In electrical-speak, these are “conductive substances,” meaning they have a low resistance to electricity. They offer a path for electrical current to jump dangerously all over a tunnel if the electricity escapes from its insulated containment.

All it takes is for a path to be completed — for a trail of moisture, particulates or other conductive material to come in contact with the exposed electrical current.

The phenomenon is called “arcing.”

Early in its investigation of the incident at L’Enfant, the NTSB issued a safety bulletin that described “severe electrical arcing damage” to the jumper cables in the Yellow Line tunnel. That raised the possibility that the insulating material encasing the cable had been compromised and that the cable’s copper strands, juiced with current, were exposed.

When electricity gets loose, following that low-resistance path, it can generate enormous heat as it makes its way to ground. Current flowing into the conductive steel walls of a tunnel, for example, can turn the walls into giant hot plates. And it can set fire to debris in the tunnel. Depending on the severity of the incident, the thermal damage to surrounding infrastructure can create a huge volume of smoke.

That appears to be what happened near L’Enfant station. And Carol Glover, 61, a grandmother from Alexandria who was aboard the stalled train, lost her life.

Wiedefeld offered few details about the McPherson Square tunnel fire, which is being investigated. But he said the trouble there “was very similar to what we had in the L’Enfant Plaza situation.”

The tunnel wall near the McPherson station is lined with metal, as is the tunnel wall near L’Enfant Plaza. “There’s insulation covering the cables,” Wiedefeld noted. And if the insulation is damaged, “it can get open, and you have direct contact” between the current and nearby conductive materials, including the metal wall.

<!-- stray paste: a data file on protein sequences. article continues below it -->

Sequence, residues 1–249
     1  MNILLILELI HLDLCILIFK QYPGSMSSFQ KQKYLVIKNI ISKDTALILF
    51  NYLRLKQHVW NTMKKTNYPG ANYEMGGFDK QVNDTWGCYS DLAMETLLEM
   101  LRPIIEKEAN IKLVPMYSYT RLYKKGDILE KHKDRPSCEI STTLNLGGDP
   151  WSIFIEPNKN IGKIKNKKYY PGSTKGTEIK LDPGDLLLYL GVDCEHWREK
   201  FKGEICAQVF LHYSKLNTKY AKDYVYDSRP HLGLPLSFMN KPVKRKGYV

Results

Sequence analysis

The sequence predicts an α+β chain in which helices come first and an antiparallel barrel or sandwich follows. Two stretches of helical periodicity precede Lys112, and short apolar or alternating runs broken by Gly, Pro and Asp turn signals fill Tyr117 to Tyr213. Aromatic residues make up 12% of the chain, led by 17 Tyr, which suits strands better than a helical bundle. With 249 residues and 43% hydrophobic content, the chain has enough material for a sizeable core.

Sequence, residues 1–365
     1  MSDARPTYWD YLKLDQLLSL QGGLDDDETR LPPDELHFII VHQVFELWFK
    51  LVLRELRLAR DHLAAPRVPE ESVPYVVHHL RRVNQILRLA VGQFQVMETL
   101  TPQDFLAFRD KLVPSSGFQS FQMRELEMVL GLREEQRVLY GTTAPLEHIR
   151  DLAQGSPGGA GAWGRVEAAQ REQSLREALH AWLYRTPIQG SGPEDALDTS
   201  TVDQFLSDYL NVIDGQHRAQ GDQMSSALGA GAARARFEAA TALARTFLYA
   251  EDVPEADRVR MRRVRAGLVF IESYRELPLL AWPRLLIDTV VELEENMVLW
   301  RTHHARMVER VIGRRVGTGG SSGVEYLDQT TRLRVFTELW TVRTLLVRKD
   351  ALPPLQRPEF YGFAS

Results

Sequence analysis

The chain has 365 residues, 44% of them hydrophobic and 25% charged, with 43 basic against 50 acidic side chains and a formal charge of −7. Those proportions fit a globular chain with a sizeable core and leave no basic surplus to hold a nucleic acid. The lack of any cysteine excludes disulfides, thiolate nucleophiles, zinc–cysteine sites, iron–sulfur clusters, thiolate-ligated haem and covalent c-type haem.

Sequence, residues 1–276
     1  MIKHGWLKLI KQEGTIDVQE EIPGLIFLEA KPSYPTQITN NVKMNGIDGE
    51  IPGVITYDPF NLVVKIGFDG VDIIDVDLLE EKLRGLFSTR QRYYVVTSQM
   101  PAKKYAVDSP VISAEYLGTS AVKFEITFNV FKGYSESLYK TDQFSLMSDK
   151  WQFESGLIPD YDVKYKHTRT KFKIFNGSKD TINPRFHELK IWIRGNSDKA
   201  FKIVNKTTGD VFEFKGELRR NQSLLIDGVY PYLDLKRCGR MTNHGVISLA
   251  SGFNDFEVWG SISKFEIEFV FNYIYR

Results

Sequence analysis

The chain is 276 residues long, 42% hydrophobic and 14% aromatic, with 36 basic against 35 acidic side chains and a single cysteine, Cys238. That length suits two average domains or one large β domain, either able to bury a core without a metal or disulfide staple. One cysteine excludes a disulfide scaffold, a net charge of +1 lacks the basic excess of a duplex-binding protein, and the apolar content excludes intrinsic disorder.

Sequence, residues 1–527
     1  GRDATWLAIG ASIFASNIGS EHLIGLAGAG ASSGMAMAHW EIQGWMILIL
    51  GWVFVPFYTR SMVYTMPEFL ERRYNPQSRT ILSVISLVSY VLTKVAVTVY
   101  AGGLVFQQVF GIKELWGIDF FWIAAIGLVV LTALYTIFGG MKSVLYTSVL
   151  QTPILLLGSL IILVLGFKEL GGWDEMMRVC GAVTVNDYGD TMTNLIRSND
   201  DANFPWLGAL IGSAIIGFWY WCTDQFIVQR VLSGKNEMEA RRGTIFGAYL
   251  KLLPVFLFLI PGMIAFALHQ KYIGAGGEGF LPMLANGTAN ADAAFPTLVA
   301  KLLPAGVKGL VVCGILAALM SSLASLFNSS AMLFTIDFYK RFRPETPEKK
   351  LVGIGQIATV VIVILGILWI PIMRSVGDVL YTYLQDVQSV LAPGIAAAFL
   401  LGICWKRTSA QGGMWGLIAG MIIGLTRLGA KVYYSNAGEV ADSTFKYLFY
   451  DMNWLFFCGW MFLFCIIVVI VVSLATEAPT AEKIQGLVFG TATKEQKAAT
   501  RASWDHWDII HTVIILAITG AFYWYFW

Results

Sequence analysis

“That’s why we’re doing the assessment of all 600” jumper cables in the subway, Wiedefeld said. “Because I want to know what I’ve got with all 600 of them. This was inspected last year, and basically found to be okay.” Yet the problem recurred Monday. “So I have to find out what’s driving this situation.”

Jumper cables and other power lines are attached to one another, and attached to third rails, by large, elbow-shaped connector assemblies called “boots.” In its investigation of the L’Enfant incident, the NTSB also warned that throughout the subway, “a number” of boots lacked the proper type of “sealing sleeves,” which are designed to keep contaminants away from the electrical current.

Metro acknowledged that about 80 percent of its 6,400 power-cable connector assemblies lacked adequate sealing sleeves. Wiedefeld said Tuesday that about half of the faulty boots have been upgraded, but months of work on that project still remains.

For now, though, the attention is on the jumper cables.

Shutting down the Washington area’s busiest form of public transportation for 24 hours, stranding hundreds of thousands of commuters while Metro crews conduct what amount of maintenance work, is unprecedented in the transit agency’s 40-year history.

But this is about electricity. And electricity can be a killer.

“As the person responsible for the life-safety of this operation,” Wiedefeld said, “this is something I chose to do.”